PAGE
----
3. What would Angela say is the most important thing she learned from the fortune-teller?

I had to think on this question. But I’d have to say that Angela learned, though it took her awhile, that keeping an open mind is better than following pre-conceived ideas. When Angela walked into the fortune-teller tent, she was certain the fortune-teller was a fraud, by the time she left, she was a little spooked and not so sure, but throughout the book she ends up examining most of her pre-conceived ideas and finding they weren’t as true as she had once thought. Or maybe we can go with the cliché: Never judge a book (or a journal) by its cover.

4. What is your favorite thing about this story?

My favorite thing about the story is that Angela is human … she’s flawed, makes mistakes, some of them big ones, but does her best to make things right again. After I had finished the story and had given it to some early readers one or two commented on the bad decisions Angela makes in the story, and they wanted her to make better decisions. I didn’t. For the simple reason that it isn’t realistic for a twelve-year-old to make the same decisions as a forty-year-old. And even forty-year-olds make mistakes. I wanted Angela to make the same sort of decisions any twelve-year-old might make.

5. If you were to go to a carnival today, what would you choose to do first and why?

I guess it depends on what is at the carnival, but if the carnival had a Ferris Wheel, I’d go up on that first and hope it stopped with me at the very top. Life from a different perspective. From the top, I’d be able to see everything the carnival had to offer and make a plan on what things I wanted to do most.

Of course, if they had a fortune-teller tent, I might sneak in there for a quick fortune before enjoying the rest of the carnival.

6. What are you working on next?

The next project to be published is a Young Adult Contemporary with some supernatural leanings called Speak No Evil (Spring 2019, Vesuvian Books). It’s about a selective mute sixteen-year-old girl who stabbed a classmate and is undergoing court mandated therapy so she can tell her side of the story to the judge.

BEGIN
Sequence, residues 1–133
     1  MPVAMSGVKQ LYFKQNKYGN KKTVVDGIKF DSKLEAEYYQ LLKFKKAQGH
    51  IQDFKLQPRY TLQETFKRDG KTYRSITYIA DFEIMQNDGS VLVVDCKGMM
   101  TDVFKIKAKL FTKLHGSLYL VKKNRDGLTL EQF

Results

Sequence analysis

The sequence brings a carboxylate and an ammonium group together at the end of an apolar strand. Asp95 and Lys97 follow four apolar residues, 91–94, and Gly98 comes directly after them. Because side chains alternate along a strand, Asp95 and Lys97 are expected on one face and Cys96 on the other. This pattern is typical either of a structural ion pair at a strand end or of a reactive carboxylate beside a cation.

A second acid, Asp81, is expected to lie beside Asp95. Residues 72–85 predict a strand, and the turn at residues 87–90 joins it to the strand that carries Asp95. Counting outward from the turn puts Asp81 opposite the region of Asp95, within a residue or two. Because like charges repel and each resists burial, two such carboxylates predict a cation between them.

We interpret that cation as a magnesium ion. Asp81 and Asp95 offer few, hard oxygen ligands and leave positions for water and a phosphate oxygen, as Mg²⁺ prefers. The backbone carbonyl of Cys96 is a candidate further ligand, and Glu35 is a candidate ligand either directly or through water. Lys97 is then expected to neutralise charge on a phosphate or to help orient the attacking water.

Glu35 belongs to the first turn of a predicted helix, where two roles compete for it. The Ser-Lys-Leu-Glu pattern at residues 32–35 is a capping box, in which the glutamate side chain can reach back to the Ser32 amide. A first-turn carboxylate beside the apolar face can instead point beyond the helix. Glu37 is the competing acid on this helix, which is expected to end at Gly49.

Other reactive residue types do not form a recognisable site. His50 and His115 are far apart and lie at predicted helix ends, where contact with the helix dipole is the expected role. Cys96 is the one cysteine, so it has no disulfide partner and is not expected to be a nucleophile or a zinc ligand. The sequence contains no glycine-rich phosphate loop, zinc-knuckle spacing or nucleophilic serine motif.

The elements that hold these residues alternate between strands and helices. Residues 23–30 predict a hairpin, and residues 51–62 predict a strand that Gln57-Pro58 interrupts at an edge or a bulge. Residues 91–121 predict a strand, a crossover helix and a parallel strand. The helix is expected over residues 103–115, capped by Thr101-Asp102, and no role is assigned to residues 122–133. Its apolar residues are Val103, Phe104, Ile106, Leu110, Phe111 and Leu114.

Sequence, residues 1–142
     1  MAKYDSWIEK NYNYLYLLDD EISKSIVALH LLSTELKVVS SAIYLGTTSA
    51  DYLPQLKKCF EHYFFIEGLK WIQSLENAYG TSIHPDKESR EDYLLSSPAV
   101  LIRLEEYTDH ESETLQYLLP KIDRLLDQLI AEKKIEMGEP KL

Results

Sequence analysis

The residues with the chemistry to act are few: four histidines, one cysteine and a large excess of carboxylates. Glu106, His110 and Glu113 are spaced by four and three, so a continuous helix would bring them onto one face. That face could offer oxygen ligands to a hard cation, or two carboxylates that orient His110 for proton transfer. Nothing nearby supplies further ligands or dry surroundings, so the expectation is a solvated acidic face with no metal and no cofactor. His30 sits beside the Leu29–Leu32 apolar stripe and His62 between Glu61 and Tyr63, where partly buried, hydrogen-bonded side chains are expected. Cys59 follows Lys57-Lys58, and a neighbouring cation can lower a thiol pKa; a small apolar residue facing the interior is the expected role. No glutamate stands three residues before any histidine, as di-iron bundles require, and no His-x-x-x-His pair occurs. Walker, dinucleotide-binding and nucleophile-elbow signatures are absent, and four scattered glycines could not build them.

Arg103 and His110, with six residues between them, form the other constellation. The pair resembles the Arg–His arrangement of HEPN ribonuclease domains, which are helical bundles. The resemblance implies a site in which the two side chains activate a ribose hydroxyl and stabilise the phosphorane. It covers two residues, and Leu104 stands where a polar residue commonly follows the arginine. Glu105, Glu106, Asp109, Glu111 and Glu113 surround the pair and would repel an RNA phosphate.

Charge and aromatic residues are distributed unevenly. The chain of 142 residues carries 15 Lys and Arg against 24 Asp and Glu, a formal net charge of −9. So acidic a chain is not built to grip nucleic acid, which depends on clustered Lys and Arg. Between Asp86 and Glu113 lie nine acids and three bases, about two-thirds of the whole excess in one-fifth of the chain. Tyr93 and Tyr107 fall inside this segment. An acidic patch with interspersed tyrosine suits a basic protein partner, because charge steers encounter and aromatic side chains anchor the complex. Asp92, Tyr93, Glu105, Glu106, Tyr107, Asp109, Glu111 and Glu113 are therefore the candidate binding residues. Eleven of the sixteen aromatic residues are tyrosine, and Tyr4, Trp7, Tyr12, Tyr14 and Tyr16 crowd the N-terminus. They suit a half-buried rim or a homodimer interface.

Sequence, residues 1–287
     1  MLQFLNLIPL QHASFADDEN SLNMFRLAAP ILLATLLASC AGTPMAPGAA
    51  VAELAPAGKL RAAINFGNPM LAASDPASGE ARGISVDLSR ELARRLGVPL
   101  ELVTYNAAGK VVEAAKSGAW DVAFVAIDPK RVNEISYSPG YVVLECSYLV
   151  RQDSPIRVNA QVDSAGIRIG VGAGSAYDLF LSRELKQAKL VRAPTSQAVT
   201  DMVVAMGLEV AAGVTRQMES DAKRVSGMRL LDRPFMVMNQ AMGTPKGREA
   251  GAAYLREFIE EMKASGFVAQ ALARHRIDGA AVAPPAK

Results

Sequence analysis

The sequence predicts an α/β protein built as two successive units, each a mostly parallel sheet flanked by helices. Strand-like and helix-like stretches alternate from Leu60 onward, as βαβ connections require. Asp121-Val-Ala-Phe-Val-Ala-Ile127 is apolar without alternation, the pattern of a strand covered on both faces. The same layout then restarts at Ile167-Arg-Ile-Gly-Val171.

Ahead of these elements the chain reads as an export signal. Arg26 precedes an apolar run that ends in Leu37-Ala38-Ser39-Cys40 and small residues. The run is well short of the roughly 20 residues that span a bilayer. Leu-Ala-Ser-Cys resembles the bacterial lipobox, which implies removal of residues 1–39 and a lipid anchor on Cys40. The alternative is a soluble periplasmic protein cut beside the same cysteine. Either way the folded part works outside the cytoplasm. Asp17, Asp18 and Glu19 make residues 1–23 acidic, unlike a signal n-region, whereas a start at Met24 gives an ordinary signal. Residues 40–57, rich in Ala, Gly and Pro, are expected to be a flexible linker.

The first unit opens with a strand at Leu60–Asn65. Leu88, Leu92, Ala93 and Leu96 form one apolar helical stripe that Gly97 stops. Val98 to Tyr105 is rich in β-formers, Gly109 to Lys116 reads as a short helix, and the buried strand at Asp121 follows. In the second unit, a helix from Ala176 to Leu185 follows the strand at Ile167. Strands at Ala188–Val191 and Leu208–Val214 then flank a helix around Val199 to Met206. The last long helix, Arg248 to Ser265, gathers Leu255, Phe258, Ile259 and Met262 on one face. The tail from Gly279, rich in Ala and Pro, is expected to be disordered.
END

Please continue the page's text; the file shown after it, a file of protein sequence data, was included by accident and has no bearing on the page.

The work in progress right now is a 5-book Middle Grade fantasy series called The Homeless Myths Series. The series is about five homeless kids who struggle to survive the streets of Los Angeles and unwittingly wind up as key players in a life and death struggle to give humanity a second chance. I’m in the middle of writing the first book which is titled, The Star Warriors and the Secret of the Red Key.

Book Trailer

My Review

THE JOURNAL OF ANGELA ASHBY is a story about a journal that the heroine receives from a fortune teller that turns out to be magical. Readers will enjoy the element of magic and mystical creatures as well as getting to know Angela and her best friend, Mallory. An overall cute story.

I thought the journal was the funnest part of this story. It added plenty of mystery and also created quite a bit of havoc. I also really liked Mallory. Angela has some growing to do. She didn't really think about any of the consequences of her choices, but she was a good friend to Mallory. The ending left thing resolved, but also open for a second book.

I did have a few issues with the story. I didn't always feel the girls acted their age (I have a 12-year-old daughter, so it was pretty easy to compare). Sometimes Angela acted characteristically younger and sometimes older, so she didn't feel completely genuine. She also wasn't a character I loved. I also felt like the bullying was a bit unrealistic at school around teachers and other adults.

In the end, was it what I wished for? An overall intriguing story that middle graders and tweens may enjoy.

Content: Some bullying, name-calling, blunt/crude language.
Source: I received a complimentary copy from through Jean Book Nerd Tours, which did not require a positive review nor affect it in any way.

About the Author

Liana Gardner is the award-winning author of 7th Grade Revolution and the Misfit McCabeseries. Daughter of a rocket scientist and an artist, Liana combines the traits of both into a quirky yet pragmatic writer and in everything sees the story lurking beneath the surface. Engaged in a battle against leukemia and lymphoma, Liana spends much of her time at home, but allows her imagination to take her wherever she wants to go.

She fostered her love of writing after reading Louisa May Alcott’s Little Women and discovering she had a great deal in common with the character Jo. The making up of stories, dramatic feelings, and a quick temper were enough for her to know she and Jo would have been kindred spirits.

Liana volunteers with high school students through the International Trade Education Programs (ITEP). ITEP unites business people and educators to prepare students for a meaningful place in the world of tomorrow. Working in partnership with industry and educators, ITEP helps young people “think globally and earn locally.”


Tour-Wide Giveaway

- 1 Winner will receive an Award-winning 2017 MG, 7th Grade Revolution Swag (Mugs, Playing Cards, T-Shirts) by Liana Gardner.
- 1 Winner will receive a $25 Amazon Gift Card.

- Giveaway is open to International. | Must be 13+ to Enter | Ends December 3, 2018